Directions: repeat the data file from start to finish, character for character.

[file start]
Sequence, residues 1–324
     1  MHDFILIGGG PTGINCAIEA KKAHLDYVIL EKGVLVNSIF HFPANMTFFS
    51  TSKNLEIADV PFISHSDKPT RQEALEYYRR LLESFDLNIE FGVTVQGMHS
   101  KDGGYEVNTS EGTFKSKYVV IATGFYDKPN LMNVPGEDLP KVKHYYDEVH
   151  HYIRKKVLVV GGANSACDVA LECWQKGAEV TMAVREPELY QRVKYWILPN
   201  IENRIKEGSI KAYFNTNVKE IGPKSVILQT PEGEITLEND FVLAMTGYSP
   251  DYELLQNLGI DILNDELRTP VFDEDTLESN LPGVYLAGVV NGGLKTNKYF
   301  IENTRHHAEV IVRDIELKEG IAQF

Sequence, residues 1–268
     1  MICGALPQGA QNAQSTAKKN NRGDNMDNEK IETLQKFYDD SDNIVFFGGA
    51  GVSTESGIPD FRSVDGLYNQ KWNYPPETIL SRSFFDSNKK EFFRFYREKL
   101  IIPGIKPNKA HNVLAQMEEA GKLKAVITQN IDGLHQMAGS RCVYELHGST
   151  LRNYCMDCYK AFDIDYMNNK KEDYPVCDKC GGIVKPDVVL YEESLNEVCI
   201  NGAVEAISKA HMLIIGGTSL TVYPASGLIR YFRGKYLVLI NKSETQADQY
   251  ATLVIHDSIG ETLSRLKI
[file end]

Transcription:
Sequence, residues 1–324
     1  MHDFILIGGG PTGINCAIEA KKAHLDYVIL EKGVLVNSIF HFPANMTFFS
    51  TSKNLEIADV PFISHSDKPT RQEALEYYRR LLESFDLNIE FGVTVQGMHS
   101  KDGGYEVNTS EGTFKSKYVV IATGFYDKPN LMNVPGEDLP KVKHYYDEVH
   151  HYIRKKVLVV GGANSACDVA LECWQKGAEV TMAVREPELY QRVKYWILPN
   201  IENRIKEGSI KAYFNTNVKE IGPKSVILQT PEGEITLEND FVLAMTGYSP
   251  DYELLQNLGI DILNDELRTP VFDEDTLESN LPGVYLAGVV NGGLKTNKYF
   301  IENTRHHAEV IVRDIELKEG IAQF

Sequence, residues 1–268
     1  MICGALPQGA QNAQSTAKKN NRGDNMDNEK IETLQKFYDD SDNIVFFGGA
    51  GVSTESGIPD FRSVDGLYNQ KWNYPPETIL SRSFFDSNKK EFFRFYREKL
   101  IIPGIKPNKA HNVLAQMEEA GKLKAVITQN IDGLHQMAGS RCVYELHGST
   151  LRNYCMDCYK AFDIDYMNNK KEDYPVCDKC GGIVKPDVVL YEESLNEVCI
   201  NGAVEAISKA HMLIIGGTSL TVYPASGLIR YFRGKYLVLI NKSETQADQY
   251  ATLVIHDSIG ETLSRLKI